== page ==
I have a friend with a fair career as an analyst in Asian private equity funds.  He describes the central debate as being between the “Guanxi guy” and the “Analyst guy” (in his world they are mostly guys) and he says the “Guanxi guy” has won almost all of the battles.

“Guanxi” is one of those words proponents claim defies easy translation: something between connections and relationship.  Wikipedia defines it as a personal relationship between people in which one is able to prevail on another to get things done.  Whatever: Guanxi is often sold as the key to doing business in China.

At Private Equity (PE) firms the debate as to which deals to do and what price to pay has been between the Analyst guys and the Guanxi guys - and with the Guanxi guys winning almost every time.  Analysts - when they have reservations about deals - are seldom heeded.

Some analysts - not wishing to besmirch their reputation with bad deals done for the wrong reasons struck out and started their own small private equity funds.  When they find the deals they try to fund them and discover that the banks (or their Guanxi connections) want to take a piece of the equity.  I guess that is the price of doing business.  But even after paying up they find the banks want to charge them over-the-odds for funding.

So the deal goes to some Guanxi guy - and the banks queue up to do the funding at low spreads.  (Whatever you say Sir says the banker...)

And so - in the great Guanxi vs Analyst debate Guanxi repeatedly wins.

Guanxi is less important in the West - but connections remain important.  The definitive Western Guanxi firm is Carlyle.  Carlyle is a private equity firm known for employing senior political figures and using those connections to win deals - but also for their knowledge of how government functions.  The list of famous employees is large and include:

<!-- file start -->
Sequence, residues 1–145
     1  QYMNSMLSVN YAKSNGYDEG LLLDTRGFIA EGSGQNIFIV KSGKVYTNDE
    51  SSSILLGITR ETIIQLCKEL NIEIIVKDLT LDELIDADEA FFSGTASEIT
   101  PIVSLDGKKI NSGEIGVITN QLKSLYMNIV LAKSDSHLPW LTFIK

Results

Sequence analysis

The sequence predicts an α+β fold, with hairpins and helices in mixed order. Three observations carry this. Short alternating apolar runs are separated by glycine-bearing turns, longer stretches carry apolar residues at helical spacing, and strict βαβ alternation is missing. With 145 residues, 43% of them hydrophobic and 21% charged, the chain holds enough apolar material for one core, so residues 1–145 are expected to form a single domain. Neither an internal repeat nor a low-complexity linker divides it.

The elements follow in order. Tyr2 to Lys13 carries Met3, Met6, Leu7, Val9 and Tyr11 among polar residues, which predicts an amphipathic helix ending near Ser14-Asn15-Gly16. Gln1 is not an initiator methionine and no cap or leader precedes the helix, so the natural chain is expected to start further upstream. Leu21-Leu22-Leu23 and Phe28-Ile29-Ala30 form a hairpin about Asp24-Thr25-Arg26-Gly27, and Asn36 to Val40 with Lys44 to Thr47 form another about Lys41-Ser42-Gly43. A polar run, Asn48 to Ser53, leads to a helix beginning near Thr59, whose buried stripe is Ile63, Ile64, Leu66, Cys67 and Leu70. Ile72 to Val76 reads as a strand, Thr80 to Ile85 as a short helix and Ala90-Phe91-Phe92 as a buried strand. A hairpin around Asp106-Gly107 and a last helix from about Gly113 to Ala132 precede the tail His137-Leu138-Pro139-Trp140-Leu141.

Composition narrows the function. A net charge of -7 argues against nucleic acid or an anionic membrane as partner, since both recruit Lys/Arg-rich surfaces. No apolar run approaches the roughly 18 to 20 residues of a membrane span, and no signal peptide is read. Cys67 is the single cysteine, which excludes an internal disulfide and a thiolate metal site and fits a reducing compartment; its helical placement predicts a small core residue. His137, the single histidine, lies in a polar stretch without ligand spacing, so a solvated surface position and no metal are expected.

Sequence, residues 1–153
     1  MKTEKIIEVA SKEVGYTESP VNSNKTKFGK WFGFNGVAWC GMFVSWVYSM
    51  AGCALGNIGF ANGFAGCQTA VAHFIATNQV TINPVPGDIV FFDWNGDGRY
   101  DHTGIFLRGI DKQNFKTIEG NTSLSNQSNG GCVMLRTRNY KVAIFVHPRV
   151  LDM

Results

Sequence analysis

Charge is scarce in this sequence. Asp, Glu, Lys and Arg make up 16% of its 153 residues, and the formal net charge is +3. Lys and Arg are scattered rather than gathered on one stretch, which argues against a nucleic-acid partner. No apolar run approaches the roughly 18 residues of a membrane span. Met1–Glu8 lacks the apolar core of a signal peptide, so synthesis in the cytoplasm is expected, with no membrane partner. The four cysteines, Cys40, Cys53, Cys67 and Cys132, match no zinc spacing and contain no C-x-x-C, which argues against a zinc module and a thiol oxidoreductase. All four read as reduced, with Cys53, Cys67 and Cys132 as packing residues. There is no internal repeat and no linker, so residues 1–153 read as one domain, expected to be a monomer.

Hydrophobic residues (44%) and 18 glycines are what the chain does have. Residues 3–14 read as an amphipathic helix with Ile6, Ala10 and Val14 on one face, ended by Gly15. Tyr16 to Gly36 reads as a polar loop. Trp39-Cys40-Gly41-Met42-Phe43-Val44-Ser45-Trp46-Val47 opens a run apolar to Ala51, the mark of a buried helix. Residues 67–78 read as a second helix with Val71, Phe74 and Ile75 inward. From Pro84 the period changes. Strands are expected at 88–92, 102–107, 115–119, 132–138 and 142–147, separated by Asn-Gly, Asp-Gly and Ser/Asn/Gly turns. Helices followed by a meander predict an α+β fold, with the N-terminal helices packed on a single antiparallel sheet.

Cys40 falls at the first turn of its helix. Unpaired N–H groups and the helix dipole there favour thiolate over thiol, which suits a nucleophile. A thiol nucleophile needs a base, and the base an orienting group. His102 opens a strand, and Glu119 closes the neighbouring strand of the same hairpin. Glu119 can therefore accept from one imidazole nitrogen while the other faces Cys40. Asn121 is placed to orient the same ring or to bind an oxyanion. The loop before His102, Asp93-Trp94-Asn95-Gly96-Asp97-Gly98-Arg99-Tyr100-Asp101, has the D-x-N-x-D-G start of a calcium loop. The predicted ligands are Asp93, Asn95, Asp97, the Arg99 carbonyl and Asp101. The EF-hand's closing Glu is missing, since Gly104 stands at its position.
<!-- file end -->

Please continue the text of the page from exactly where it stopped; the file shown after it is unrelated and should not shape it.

George H W Bush
George W Bush
James Baker (former Bush Secretary of State)
Mack McLarty (former White House Chief of Staff under Clinton)
John Major (former British Prime Minister)
Anand Panyarachun (former Thailand Prime Minister)
Fidel Ramos (former Phillipine President)
Arthur Levitt (former SEC chair)

I could go on - the list is extensive.

Carlyle is conspiracy theorist's dream because with all of those famous and well connected people the company understandably has important and profitable investments in the defence establishment.

But in Carlyle’s defence - many of these people not only bring connections but they bring knowledge and understanding of what is important to government and the defence establishment.  The first President Bush for instance was also the CIA director - he almost certainly knows what is important to the CIA and how to sell stuff to them - and he would know that without exploiting any connections.  These people are hired for the connections and for their knowledge.

Carlyle has taken this way of doing business to Asia and has hired many important and well connected people in Asia.  I listed a former Phillipine President and a former Thai Prime Minister.  There are many more of these people in China - notably the children of party officials.

Alas I think Carlyle’s business model in Asia is fundamentally flawed: we can see this through a purely hypothetical example.

Imagine if Chelsea Clinton went to work in business and to sell her connections.  (I know nothing about Chelsea Clinton other than she got married recently - so this example is purely hypothetical.)  And suppose that with considerable hard work at some Wall Street or Private Equity shop she wound up with $5 million.  (As I said I know nothing much about Chelsea.)  We would not be terribly surprised if Chelsea wound up with $5 million - we might think it unseemly - but it would also by Western standards not be terribly surprising.